As some of you are aware, I started writing and posting Crosscurrents in the spring of 2003. It's been a long, strange trip, and that trip has almost reached its end.
Over the years, my work on the story has been glacially slow. I imagine there may be a hundred or more readers who started reading and ultimately bailed because I have been so terribly slow at getting it written.
As you'd expect of a person over a decade's time, I've been through some changes. Above all else, my life situation has resolved in ways I couldn't have predicted at the time I began the story. One of the major facets of my life reached a sort of final resolution in 2007, and that left me with something of a dilemma regarding how to conclude the story. I don't make a secret out of the fact that CC is essentially autobiography, and the future I was looking at in 2003 was hazy and indistinct. By 2007 it had resolved, and resolved in ways that presented me with a dilemma for the story that I couldn't have foreseen in 2003.
CC opens in 2003, really, with the narrator reflecting back on his experiences from childhood up to the present. That means that I have to conclude the piece in a way that doesn't go beyond where it started. And it's been a challenge to figure out how to do that in a narratively satisfactory way while remaining faithful to my own authorial intentions. I'm mindful of the requirements of good storytelling...and I'm also aware that life doesn't really imitate art, and that good art doesn't simply lift a slice of life out of the whole and lay it out for inspection. But from the standpoint of story, the place where I began the story doesn't give me a very solid place to end. There's so much simmering in the relationship between Matt and Andy still, and Andy's situation in the spring of 2003 is not the situation of a guy at the end of a story. But I painted myself into a corner from the very beginning with the Prologue. The writing itself demands that Andy end the reflections on his life at the place--and mindset--from which he began them. So, from a literary standpoint, there needs to be an epilogue that brings us back to Andy's final spring break of his college days, as he sums up his thoughts and feelings on everything he's just remembered.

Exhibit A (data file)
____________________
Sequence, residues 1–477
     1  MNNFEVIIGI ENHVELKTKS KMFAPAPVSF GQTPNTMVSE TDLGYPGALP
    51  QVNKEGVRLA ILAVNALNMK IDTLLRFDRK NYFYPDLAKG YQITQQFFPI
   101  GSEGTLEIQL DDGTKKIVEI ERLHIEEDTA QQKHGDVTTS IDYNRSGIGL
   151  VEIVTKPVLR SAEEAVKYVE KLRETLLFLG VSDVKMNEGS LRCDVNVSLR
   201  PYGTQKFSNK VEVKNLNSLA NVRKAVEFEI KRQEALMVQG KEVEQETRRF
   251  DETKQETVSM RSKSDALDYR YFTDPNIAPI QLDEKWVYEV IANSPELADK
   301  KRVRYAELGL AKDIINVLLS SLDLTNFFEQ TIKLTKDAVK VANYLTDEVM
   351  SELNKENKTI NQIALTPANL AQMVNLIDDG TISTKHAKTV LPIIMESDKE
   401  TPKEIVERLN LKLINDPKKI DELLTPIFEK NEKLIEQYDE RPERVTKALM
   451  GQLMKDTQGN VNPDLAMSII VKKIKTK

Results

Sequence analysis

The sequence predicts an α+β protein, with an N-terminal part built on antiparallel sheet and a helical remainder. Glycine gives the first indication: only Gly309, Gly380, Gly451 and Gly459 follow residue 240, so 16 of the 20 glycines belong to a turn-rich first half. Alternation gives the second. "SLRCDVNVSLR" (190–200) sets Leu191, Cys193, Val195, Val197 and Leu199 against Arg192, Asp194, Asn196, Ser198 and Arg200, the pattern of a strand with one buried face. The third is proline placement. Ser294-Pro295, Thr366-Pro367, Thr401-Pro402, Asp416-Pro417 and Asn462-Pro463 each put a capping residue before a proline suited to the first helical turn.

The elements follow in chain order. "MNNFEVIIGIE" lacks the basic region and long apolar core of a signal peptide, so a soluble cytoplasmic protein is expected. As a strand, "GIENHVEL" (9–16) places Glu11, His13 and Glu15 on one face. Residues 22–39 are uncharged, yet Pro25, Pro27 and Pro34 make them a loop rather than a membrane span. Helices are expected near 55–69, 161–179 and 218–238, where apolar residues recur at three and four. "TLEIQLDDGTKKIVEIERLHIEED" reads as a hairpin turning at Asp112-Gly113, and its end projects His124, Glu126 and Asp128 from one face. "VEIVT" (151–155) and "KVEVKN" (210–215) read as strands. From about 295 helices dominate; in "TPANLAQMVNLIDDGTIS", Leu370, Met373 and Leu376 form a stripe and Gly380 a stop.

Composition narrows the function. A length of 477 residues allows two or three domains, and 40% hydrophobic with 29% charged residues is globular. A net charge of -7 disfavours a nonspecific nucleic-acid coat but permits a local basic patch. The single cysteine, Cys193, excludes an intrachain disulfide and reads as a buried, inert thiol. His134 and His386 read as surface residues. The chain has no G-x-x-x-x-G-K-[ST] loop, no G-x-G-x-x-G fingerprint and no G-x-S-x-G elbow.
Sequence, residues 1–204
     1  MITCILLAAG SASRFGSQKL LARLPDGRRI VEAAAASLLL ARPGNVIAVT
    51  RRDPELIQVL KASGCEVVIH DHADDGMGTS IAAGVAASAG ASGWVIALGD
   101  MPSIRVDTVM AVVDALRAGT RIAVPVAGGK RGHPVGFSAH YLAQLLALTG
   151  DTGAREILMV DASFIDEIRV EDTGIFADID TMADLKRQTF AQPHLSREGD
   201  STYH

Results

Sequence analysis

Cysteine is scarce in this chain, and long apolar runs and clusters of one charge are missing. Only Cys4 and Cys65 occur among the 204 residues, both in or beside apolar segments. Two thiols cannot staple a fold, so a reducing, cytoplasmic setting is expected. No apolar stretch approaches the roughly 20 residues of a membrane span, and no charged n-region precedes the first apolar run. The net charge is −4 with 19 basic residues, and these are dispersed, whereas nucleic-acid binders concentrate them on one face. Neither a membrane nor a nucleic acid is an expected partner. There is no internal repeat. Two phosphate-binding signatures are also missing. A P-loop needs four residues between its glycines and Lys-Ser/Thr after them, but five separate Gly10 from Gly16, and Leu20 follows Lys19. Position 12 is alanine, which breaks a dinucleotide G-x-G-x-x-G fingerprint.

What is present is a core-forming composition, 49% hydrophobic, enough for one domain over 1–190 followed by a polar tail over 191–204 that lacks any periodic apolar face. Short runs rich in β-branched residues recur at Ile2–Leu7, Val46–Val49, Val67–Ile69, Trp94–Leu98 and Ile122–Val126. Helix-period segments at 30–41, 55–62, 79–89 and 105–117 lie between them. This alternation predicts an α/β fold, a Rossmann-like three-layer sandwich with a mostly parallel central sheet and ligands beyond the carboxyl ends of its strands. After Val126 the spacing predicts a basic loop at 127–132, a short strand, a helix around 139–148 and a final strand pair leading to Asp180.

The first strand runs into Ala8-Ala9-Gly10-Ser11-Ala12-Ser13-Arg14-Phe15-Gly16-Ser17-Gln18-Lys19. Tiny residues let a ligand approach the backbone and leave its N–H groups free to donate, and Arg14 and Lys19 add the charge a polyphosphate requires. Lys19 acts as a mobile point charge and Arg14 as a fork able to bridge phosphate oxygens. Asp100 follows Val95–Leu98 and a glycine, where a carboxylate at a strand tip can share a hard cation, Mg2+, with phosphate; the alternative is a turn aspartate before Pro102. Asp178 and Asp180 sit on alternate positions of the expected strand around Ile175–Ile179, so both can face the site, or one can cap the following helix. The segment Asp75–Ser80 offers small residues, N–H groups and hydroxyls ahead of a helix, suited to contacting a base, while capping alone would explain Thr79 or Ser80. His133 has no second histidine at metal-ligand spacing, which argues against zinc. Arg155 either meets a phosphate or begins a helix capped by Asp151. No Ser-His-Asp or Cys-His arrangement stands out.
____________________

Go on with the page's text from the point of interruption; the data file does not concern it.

The epilogue won't be hard to write. The chapter that comes before it--which will, naturally, be the last one to advance the narrative--has been bugging the s**t out of me. Because I didn't know how to make it read like the conclusion of a novel.
Novels don't have to end with "happily ever after" or "the heroes die and everyone mourns." They don't have to avoid ambiguity and haziness. But they do have to be emotionally satisfying, and they have to present a conclusion that makes narrative sense, one that has compelling internal rationale.
I've had the last full chapter written for a long time, but I haven't been happy with it. I just haven't been able to satisfy that last demand. The demand that requires a story to end like an ending. One that doesn't feel as though the author merely pressed the Stop button before the final cadence sounds. And it's been bugging me. So I've stayed away.
I took a beach trip with my family the weekend nearest to July 4. If you've followed the story, you'll know why, lol. I had some fun time with the family, some fun time with old friends, and some alone time to walk the beach and reflect. And while I was there, the way through all of that mess with the story just sort of came to me.
So...if I can squeeze out an hour or two, I'm going to rewrite that final chapter and get it finished so I can post the dang thing. The Epilogue will be a piece of cake. It'll be short, and I'd essentially pre-written it the day I wrote the Prologue. But it's that dang Chapter 35 that's been beating up on me...and I finally have it figured out.
You won't see any special brilliance in the conclusion. Nothing that suggests that there was an ongoing problem that I've solved in a stunningly creative way. All you'll see is a shutdown that makes some sense. Makes some sense in the story, and makes some sense in terms of what we need stories to do.
I have a short sequel to Crosscurrents that needs writing. But that won't be my next project. Over the decade that I've been working on CC, I've had some other ideas spring up, ideas that wanted to work their way into stories. I'll be turning to those next. I need a break from Andy and Matt, and I have a feeling they need a break from me. And the next things I write should go considerably faster, because they won't be so heavily autobiographical. They won't weigh on me quite as heavily. One thing I do know is that Matt needs to narrate the sequel. And so he will. But that's a story for another day.
Thanks for staying with me over all these years, Intrepid Reader. Your loyalty is about to pay off.